This is what Paul means when he says: For the promise that he would inherit the world did not come to Abraham or to his descendants through the law – through Ishmael – but through the righteousness of faith.
The Law Paul speaks of is his human response to the divine situation. God promised him a child but Abraham and Sarah became impatient and took human action rather than trust God’s plan.
So too Peter. Peter didn’t like Jesus’ explanation of his future: that the Son of Man must undergo great suffering, and be rejected by the elders, the chief priests, and the scribes, and be killed. But if Peter rejected this divine plan (Jesus’ suffering and death) then he also rejects the divine outcome – after three days rise again. We too have to keep trusting God and the plan he has for us. We might not always agree or understand but if we take human action then we can only expect a human outcome.
Let me give you a recent example that I’ve had a few people disagree with me. During the last lockdown – the 5 day circuit breaker – you may have seen a church on the news in Melbourne that defied the lockdown order and opened up their church for worship. They said – we must obey God’s orders and not man’s orders. So the question before us is – what is the right thing to do? What is “God’s orders”? What action follows God’s will?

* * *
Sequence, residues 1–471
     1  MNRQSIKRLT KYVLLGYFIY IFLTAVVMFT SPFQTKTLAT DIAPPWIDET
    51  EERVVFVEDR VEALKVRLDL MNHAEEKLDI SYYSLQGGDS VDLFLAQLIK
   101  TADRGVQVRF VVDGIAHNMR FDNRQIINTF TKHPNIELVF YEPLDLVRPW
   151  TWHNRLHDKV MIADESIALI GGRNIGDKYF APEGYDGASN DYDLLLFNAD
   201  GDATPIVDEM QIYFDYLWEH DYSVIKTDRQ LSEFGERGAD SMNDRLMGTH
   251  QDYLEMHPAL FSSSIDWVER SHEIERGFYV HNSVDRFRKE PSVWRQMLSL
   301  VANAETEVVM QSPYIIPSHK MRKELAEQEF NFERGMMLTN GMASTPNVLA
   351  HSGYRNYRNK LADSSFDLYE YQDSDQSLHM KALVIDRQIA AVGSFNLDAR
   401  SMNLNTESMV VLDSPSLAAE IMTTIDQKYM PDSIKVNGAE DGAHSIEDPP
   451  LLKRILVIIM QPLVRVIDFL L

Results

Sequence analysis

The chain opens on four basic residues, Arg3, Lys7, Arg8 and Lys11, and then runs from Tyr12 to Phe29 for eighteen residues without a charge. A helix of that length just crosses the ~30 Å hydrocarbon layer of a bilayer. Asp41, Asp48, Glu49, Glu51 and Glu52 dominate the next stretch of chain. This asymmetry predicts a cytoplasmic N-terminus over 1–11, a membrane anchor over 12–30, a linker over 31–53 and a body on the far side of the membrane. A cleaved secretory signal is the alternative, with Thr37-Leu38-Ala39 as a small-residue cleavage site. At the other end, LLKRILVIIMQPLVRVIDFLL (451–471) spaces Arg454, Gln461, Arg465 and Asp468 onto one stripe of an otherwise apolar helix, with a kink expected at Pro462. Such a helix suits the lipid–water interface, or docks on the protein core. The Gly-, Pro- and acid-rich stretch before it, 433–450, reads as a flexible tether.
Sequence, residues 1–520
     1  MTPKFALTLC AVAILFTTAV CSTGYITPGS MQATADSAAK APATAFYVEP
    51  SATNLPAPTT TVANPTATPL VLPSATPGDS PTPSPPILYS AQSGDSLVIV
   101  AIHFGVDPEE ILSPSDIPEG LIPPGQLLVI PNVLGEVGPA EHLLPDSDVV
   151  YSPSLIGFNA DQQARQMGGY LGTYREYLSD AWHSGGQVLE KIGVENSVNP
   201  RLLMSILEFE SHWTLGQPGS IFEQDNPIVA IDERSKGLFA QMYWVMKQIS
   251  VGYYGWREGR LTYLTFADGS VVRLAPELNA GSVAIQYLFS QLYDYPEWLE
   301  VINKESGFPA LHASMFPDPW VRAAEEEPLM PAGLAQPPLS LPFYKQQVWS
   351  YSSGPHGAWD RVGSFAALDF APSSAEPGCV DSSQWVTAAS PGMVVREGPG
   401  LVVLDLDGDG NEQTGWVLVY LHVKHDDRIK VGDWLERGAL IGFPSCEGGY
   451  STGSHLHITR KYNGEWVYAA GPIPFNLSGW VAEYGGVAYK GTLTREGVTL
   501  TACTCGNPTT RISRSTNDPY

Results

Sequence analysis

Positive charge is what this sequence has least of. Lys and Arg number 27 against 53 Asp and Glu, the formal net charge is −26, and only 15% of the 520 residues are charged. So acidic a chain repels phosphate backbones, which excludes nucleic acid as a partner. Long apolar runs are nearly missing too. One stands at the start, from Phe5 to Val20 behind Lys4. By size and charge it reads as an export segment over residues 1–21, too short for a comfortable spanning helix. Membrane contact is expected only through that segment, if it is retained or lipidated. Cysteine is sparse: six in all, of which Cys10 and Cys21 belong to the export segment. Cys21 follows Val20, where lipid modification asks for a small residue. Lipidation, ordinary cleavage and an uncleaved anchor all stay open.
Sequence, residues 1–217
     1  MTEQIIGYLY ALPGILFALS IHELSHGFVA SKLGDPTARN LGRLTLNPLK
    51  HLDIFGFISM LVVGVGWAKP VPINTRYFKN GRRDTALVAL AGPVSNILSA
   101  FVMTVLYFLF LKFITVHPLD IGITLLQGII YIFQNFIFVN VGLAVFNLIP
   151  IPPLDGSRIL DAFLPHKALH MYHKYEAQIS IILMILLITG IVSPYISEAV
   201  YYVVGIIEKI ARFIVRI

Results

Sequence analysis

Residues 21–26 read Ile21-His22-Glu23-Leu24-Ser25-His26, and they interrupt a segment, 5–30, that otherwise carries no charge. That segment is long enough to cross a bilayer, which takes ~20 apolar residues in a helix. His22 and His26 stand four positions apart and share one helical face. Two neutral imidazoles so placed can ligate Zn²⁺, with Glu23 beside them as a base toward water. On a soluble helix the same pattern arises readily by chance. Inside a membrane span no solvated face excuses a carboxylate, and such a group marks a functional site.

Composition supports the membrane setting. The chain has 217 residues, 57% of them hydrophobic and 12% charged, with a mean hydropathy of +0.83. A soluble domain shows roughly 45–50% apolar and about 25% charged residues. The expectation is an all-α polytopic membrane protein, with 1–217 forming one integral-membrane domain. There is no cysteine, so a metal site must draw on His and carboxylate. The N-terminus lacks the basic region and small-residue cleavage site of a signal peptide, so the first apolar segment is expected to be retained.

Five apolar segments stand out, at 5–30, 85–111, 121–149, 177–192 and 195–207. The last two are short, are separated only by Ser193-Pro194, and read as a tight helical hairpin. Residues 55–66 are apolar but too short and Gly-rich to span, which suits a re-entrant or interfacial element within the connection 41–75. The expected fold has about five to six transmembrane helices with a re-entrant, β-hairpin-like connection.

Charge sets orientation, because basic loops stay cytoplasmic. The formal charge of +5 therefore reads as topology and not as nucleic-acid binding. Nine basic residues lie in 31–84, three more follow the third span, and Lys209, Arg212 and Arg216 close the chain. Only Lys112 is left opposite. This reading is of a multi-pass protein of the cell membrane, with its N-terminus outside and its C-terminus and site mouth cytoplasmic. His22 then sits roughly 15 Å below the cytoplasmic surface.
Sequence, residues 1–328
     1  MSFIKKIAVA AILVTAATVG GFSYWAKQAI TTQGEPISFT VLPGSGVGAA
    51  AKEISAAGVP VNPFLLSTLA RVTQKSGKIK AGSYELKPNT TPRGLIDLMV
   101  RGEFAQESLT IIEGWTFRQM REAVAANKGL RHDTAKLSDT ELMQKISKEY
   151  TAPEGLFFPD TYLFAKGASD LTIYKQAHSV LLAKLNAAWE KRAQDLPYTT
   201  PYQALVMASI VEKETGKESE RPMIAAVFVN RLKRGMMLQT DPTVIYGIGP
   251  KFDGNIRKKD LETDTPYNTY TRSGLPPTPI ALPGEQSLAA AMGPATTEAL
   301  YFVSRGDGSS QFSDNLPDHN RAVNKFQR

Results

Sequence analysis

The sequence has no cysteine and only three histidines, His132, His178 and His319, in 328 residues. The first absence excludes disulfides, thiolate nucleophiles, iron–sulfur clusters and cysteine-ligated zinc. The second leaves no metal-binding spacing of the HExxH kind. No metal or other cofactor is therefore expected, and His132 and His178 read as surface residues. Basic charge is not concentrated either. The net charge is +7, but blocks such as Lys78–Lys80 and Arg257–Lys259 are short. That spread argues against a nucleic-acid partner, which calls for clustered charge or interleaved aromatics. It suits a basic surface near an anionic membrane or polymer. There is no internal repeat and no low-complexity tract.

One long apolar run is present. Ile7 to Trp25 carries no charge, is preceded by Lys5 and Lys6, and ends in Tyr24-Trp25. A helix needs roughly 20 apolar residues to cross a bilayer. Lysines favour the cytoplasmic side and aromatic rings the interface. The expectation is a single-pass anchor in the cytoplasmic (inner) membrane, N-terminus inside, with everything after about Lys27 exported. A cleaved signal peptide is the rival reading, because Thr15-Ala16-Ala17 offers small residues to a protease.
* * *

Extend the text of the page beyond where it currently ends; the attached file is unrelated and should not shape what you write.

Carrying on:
Romans 13 says: Let everyone be subject to the governing authorities, for there is no authority except that which God has established. The authorities that exist have been established by God. Consequently, whoever rebels against the authority is rebelling against what God has instituted, and those who do so will bring judgment on themselves. Peter’s letter says: For it is better, if it is God’s will, to suffer for doing good than for doing evil. What Peter said in our Gospel reading sounded honourable – he wants to prevent Jesus from suffering and dying – but is that a human response to a divine situation? Likewise, by disobeying a Government direction for a church to remain closed – along with other institutions – is that a human response to a divine situation?
The Government wasn’t outlawing worship or religion but asking us, along with other organisations, to participate in an attempt to slow down the virus – asking us to be good citizens. Again, in the letter of Titus, we are to: Remind the people to be subject to rulers and authorities, to be obedient, to be ready to do whatever is good, to slander no one, to be peaceable and considerate, and always to be gentle toward everyone. If organisations and their workers abide by the request and see churches not doing so – is that a good witness? Will we be admired or admonished by the world?